I normally consider this blog to be my chance to let people know what I get up to behind the scenes being a professional idiot. Basically, I don’t think you’d expect me to be posting about something as horrific as Auschwitz. But having visited the place today, I feel like I have to. Especially since our guide asked us to tell people what we saw.
Having studied the Second World War in some depth at school, a trip to Auschwitz seemed necessary considering we were staying in Krakow on our day off, so the AOTP team and I took our bus out of the city, through the now familiar flat and nondescript Polish countryside, to the world’s most horrific tourist destination.
Standing around in the car park waiting for your tour to begin you are aware that this is probably going to be pretty hard going, but I don’t think anything can prepare you for it.
You begin in “Auschwitz 1”. Originally Polish army barracks, they were taken over when the Nazis invaded and turned into a death camp, with the sarcastic motto “Work Is Liberating” wrought in iron above the gate. Polish journalists, members of undesirable political parties, farmers who had fertile land suitable for German settlers, and an increasing number of racial “undesirables” such as gypsies and Jews were stuffed into the barely heated buildings and subjected to a non stop onslaught of physical and verbal abuse. Looking at the hundreds of photos of victims that line the corridors with their registration and death date, the longest you could hope to tolerate it was a year and a half before either your body gave up or you were executed in a number of barbaric ways, often with other prisoners forced to watch.
In Auschwitz 1 we were shown the first operational gas chamber, gallows, firing squad walls and starvation and suffocation cells, along with a building that contains a “small” amount of prisoners’ belongings that were discovered when the camp was liberated by the Red Army (before the possessions could be passed on to war rationed Germans). I was prepared for the piles of shaved hair, shoes and glasses but, when I saw a cabinet of knitted baby clothes, a striped bobble hat caught my eye and the fact that it seemed to be knitted with such love completely overwhelmed me and I had to have a sit down outside.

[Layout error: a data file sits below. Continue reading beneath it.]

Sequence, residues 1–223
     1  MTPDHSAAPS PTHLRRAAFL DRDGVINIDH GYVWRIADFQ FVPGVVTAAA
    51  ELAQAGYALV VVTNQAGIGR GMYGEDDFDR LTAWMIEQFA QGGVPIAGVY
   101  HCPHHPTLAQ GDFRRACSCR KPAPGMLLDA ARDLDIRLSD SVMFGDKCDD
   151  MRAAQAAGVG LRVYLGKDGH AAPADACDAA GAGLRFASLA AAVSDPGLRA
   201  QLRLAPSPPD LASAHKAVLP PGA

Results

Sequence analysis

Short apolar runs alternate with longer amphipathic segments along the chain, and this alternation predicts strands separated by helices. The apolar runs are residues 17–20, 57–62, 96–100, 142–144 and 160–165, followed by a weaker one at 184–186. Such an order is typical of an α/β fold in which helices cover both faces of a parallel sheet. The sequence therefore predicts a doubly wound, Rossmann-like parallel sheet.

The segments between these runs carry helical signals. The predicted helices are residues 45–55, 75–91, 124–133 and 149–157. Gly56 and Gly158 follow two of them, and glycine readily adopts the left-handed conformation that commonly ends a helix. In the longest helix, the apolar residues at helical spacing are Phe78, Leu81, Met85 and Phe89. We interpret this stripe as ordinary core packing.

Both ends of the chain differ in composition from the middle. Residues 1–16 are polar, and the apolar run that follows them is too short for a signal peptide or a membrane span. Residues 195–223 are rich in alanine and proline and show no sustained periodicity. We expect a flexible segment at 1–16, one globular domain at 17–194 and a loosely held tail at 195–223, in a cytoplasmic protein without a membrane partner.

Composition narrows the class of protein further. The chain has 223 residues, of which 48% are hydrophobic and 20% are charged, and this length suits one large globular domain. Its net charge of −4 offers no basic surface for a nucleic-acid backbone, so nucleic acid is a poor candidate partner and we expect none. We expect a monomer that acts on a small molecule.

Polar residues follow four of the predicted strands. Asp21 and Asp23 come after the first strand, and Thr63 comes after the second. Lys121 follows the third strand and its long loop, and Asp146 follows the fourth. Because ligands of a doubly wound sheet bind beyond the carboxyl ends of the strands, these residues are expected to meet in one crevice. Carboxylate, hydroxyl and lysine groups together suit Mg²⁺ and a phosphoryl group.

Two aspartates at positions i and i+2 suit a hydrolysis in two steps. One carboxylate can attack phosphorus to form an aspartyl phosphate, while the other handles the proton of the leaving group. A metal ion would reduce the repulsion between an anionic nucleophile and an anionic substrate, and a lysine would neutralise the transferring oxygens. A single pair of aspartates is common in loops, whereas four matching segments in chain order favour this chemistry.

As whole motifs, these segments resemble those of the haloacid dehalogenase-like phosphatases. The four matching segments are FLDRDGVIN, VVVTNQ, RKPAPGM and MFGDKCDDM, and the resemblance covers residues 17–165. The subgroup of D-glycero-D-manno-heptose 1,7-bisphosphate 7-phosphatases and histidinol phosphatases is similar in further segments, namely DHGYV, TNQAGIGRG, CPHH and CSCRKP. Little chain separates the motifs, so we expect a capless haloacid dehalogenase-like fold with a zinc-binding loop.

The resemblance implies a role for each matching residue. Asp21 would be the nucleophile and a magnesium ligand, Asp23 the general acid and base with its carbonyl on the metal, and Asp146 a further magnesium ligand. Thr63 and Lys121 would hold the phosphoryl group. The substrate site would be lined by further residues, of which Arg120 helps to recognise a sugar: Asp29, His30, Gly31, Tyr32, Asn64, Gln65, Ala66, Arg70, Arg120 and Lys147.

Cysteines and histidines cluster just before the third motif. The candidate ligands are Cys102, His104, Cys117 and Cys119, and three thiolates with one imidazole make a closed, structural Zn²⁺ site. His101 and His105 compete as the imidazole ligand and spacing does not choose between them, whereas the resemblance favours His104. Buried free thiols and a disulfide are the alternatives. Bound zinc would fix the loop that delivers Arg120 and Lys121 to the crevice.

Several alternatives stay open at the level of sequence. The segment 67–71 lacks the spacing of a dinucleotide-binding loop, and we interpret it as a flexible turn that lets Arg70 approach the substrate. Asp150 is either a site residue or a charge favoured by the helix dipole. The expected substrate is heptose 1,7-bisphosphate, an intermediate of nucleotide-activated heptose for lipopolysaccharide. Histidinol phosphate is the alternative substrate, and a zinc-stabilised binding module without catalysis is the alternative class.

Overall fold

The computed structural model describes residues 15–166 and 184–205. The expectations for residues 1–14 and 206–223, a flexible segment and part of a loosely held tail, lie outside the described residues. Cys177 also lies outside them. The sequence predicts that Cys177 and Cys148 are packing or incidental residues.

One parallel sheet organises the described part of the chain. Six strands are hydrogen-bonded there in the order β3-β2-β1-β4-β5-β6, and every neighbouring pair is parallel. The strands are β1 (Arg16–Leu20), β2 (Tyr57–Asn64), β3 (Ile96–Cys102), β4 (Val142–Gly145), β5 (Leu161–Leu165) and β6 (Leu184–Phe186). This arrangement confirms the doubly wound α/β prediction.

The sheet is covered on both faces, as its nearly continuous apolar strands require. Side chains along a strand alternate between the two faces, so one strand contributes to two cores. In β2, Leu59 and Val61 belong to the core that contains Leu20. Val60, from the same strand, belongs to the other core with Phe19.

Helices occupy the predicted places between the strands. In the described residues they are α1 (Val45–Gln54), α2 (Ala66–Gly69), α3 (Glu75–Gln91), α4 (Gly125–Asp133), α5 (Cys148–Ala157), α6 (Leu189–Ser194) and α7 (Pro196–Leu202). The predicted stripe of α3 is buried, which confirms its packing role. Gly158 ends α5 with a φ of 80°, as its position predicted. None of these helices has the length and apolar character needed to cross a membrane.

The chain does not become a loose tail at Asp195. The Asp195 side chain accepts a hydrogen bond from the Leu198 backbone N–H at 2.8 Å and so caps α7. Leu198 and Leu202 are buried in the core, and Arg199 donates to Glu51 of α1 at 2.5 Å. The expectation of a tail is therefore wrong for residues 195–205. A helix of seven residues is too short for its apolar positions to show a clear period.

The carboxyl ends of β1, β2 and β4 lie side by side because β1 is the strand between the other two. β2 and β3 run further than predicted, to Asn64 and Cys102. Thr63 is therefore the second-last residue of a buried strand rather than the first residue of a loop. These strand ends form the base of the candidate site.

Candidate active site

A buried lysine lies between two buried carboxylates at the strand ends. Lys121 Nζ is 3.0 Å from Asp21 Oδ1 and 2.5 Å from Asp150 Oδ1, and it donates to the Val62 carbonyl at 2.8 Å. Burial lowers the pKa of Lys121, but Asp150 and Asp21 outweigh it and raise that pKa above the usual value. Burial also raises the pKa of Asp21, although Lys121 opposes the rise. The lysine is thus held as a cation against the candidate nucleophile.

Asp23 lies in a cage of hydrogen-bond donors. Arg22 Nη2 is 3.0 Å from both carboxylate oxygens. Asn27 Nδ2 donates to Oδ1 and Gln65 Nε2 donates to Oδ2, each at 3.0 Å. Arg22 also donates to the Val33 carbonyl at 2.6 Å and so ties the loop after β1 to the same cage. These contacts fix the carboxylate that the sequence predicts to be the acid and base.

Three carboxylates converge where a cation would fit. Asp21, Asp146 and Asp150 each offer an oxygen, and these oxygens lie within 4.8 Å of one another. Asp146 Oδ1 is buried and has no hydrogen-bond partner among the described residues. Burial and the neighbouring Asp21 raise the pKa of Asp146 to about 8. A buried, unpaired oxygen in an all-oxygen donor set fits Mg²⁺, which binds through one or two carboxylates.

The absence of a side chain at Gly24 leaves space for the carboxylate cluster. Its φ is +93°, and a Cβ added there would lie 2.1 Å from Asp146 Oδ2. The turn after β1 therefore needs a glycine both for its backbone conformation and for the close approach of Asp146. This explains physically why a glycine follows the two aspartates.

I wasn’t sure if I could continue with the bus tour to the larger Auschwitz 2 (or Birkenau as it is also known), as we were already a couple of hours in and our guide’s softly spoken, matter of fact reeling off of the horrific facts around every corner meant that I wasn’t convinced I needed any more confirmation of just how horrible human beings can be to each other. But to ignore it seemed cowardly after all that the people who died here went through, so onto the bus we went.
Within a few short minutes we had arrived at the famous watchtower and railway tracks, and it was at that point that the sheer scale of the operation became apparent. I had no idea the second camp was so big. Either side of the tracks there are two fenced off areas covering kilometres, packed with poorly built brick dormitories and the foundations of wooden huts. These were just for the minority of people who were considered fit enough to work for a few weeks or months in the camp after the 3 day journey in cattle trucks. The rest were led down a long track to the gas chambers and immediately gassed. The commandant of the camp, Rudolph Hoss, confessed they executed at least 2.5 million people here, and seeing the size of the site you understand how this was all possible. The most terrifying thing is that they had barely got started. A third of the camp hadn’t even finished being built. You can see how the extermination of entire countries and races was their ultimate goal.
Like all the other tours we passed, barely a word was being said amongst our group as we struggled to comprehend it. I think the most unsettling thing is that you can see how it was all possible. A place like that is the logical conclusion if you allow fear and hatred of “other” people to colour your beliefs and opinions. Human beings have an instinct to label and categorise, but this desire for order, and a belief in one culture or race being superior to another, led to us behaving more savagely than any animal in history.
I knew all this, but I didn’t truly know it until I saw it. And if you have the chance, I recommend you see it too.